Novak Djokovic concedes Roger Federer ‘was the far better player in every aspect’ in THAT final

Novak Djokovic and Roger Federer Wimbledon final

Novak Djokovic believes his ability to “pick and choose his moments to peak” was key to winning the 2019 Wimbledon final against Roger Federer as he acknowledged that the Swiss “was the far better player” during the match.

Tennis greats Djokovic and Federer produced a modern-day classic in the showpiece match at the All England Club four years ago as they tussled it out for four hours and 57 minutes, which is the longest Wimbledon singles final in history, with many describing it as one of the greatest matches in the Open Era an

In a seesaw encounter, the duo shared the opening two sets as it went to a deciding set before Djokovic saved two match points at 7−8. It eventually went to a tie-breaker after they were tied on 12 each and the Serbian emerged victorious with a 7–6 (7–5), 1–6, 7–6 (7–4), 4–6, 13–12 (7–3) scoreline.

Federer beat Djokovic in nearly every statistical category on the day as he had more winners, broke serve more, served more aces, won more points and won more service games, but the Serbian was the one to leave with the trophy.

In an interview on 60 Minutes on CBS News, the 24-time Grand Slam winner admitted that he was outplayed on the day.

“That happened in 2019 when I played finals of Wimbledon that, that marathon match, epic match with Roger,” he told journalist Jon Wertheim.

“The sets that I won were all won in tie-breaks, seven-six, seven-six, 13-12. And overall, if you see the stats, he was the far better player in every aspect.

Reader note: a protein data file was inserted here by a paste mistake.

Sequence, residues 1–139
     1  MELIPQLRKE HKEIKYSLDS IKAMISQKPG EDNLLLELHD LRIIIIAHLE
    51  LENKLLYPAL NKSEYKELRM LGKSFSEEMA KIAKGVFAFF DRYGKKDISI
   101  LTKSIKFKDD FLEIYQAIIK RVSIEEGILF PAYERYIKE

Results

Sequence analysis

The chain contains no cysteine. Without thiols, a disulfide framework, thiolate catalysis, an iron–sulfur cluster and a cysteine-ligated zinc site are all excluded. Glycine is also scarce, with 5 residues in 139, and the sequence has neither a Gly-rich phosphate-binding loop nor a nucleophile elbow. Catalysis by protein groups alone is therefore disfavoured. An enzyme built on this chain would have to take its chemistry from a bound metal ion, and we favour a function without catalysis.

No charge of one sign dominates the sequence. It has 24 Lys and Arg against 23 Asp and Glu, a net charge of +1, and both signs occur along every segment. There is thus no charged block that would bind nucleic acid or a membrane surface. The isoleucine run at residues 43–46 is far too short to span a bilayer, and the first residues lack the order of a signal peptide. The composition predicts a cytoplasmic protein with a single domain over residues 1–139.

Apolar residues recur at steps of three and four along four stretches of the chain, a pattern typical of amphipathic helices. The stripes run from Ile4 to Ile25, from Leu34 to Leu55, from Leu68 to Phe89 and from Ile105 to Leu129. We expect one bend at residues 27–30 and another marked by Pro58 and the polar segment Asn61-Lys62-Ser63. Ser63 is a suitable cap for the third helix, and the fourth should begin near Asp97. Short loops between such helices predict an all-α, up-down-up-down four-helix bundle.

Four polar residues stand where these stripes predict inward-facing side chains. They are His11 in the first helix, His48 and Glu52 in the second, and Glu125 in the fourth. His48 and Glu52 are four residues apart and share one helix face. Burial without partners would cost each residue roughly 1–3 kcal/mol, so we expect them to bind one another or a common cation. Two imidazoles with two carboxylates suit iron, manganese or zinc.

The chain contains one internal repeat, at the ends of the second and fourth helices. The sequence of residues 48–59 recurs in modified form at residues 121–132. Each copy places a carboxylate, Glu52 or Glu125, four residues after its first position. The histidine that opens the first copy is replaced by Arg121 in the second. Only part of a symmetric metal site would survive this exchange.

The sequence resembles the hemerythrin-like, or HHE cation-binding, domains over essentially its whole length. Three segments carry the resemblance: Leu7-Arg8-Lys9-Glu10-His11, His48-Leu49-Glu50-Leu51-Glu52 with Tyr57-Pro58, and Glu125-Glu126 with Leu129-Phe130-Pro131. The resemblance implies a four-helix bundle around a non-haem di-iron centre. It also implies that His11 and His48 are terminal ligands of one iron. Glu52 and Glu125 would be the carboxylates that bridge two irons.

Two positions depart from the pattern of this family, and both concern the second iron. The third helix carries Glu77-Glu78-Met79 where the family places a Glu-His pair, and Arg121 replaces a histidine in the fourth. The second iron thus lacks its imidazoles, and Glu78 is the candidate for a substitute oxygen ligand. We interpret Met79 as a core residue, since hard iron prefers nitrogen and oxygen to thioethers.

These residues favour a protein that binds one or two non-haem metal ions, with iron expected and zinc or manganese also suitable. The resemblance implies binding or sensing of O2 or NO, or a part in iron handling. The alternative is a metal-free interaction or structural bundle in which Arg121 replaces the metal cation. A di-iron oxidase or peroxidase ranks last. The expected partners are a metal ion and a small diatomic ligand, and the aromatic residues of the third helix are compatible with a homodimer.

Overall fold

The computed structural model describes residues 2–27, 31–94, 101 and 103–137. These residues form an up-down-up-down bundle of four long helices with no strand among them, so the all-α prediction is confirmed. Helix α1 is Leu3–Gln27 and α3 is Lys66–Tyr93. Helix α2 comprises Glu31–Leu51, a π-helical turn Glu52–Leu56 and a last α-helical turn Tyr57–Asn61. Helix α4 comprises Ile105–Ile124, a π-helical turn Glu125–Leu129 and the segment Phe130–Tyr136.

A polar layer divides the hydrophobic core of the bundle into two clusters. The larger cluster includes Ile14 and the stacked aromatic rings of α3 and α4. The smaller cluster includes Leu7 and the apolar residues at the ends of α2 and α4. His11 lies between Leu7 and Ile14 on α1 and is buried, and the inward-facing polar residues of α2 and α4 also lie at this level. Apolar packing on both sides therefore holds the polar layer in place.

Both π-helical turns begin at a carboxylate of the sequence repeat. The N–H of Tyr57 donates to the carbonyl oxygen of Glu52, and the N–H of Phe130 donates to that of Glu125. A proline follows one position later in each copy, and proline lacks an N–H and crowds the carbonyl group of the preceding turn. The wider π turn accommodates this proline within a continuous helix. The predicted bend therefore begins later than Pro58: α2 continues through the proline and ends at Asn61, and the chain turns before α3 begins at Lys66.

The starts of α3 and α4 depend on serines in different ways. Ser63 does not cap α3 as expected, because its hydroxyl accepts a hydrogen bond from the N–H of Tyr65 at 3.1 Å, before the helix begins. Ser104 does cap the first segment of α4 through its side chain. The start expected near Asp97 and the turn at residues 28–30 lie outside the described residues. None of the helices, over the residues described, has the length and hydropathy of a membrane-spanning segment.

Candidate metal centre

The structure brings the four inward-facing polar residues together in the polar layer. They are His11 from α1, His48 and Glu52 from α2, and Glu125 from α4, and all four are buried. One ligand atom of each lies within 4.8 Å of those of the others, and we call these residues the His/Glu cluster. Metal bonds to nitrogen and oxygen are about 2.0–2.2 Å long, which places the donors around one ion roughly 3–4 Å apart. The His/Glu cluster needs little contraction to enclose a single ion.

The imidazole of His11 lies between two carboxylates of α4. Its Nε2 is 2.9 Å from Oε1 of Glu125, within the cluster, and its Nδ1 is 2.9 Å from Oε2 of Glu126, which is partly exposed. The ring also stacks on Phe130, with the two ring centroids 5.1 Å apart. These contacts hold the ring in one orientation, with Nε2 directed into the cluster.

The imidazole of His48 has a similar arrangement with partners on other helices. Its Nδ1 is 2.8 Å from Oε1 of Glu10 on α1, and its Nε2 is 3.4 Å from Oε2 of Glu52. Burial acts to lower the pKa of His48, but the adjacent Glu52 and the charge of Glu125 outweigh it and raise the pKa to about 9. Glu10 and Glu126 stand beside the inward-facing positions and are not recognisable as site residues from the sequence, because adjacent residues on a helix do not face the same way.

“But I won the match. And so that actually tells you that you can still win if you pick and choose in which moments of the match you’re peaking, and you’re playing your best when it matters.”

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Federer has always been a crowd favourite not only at Wimbledon, but at various venues across the globe with Djokovic often having to deal with hostile environments when he took on not only the Swiss, but also several other players, including Rafael Nadal.

Although he often thrives when spectators are against him, he admits it is “nice” to have crowd support.

“Most of my career it was hostile environments for me… I kind of learned how to thrive in that environment. People think it is better if they don’t like me so that kind of gets the best of out of me in terms of tennis,” he said.

“But at the same time, I actually enjoy more being in an environment where, you know, I have nice support.”

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